Alec Stapp, a blogger and analyst, and then a venture capitalist (an American venture capitalist 🙄) wrote about "one year on after GDPR" in a little piece this week. He identifies astronomical costs of compliance, numerous unidentified consequences of "data rights" claims, and an undermining of market competition. "All-in-all, about what we expected."
Normal America stuff.
The European Data Protection Board statistics identify €56m in fines, 90% of which are from a single case leveled against Google. There were 281,000 cases brought (complaints, data breach notifications, and "other"). 37% of these are ongoing, 63% are closed, and the rest (lolz) are under appeal.
To get ready for the law, Microsoft is rumoured to have spent "1,600 engineers worth" (a universally-recognized unit of measurement) of effort on compliance. Google called it "hundreds of years of human time." Money well-spent it seems. If you are Google, your (now-compliant) ad tracking software appeared on a few more websites the day after GDPR was implemented (not less). If you are Facebook it was less by 7%. If you were anyone else you apparently lost between 20-40% of your ad demand.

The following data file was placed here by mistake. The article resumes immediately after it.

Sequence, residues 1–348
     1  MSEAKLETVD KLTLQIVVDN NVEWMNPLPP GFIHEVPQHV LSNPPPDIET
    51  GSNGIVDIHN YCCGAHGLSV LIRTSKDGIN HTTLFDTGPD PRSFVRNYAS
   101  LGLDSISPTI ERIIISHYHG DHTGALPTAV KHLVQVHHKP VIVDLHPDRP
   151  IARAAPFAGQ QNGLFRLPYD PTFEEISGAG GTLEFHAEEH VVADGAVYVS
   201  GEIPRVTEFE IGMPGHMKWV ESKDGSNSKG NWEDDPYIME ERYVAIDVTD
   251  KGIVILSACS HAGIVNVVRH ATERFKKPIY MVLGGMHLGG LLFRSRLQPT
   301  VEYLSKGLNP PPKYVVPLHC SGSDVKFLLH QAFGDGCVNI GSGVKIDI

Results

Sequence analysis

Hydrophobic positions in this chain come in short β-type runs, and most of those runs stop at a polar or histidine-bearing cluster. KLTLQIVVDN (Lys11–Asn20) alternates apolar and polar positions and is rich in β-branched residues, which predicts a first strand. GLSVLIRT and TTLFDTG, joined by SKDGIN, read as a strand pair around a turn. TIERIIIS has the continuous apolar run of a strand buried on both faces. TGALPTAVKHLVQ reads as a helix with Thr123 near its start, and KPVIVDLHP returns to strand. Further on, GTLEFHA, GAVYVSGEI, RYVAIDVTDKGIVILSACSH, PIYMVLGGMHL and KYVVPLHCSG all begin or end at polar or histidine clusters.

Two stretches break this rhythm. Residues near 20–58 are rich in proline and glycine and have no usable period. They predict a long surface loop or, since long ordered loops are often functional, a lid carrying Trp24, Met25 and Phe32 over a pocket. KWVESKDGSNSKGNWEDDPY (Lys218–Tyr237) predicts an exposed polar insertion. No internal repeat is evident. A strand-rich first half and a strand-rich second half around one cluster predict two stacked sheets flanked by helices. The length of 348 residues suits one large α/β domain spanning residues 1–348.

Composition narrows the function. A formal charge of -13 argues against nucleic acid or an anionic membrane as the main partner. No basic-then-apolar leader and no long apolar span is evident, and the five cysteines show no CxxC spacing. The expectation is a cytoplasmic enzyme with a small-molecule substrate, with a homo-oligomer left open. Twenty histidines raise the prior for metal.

If you are a startup, you saw a 50% drop-off in available venture capital (I have no idea how, but there you go). 55% of merger and acquisition deals may have fallen apart because of it. Scientific research may have gotten harder.
One of the things identified in this work was what the analyst calls the "unintended consequences" of GDPR. If the law is a sort of "bill of rights" for user privacy, many of those rights can (apparently?) be used for nefarious purposes. If a users' account is hacked, can the hacker use right of access to get additional data? Is the right to be forgotten in conflict with the public’s right to know a bad actor’s history? The right to data portability may create an attack vector for hackers to exploit, and the right to opt-out of data collection creates classic free-rider problems that can lead to market failure (even if it probably won't).
Now weigh all of that against the upside. A law exists in this land whereby the individual rights of the citizen in a digital context are held in high esteem against the corporations building the landscape to which they hold claim.
Too high a price? Just high enough? Pennies?
Yours in HAT,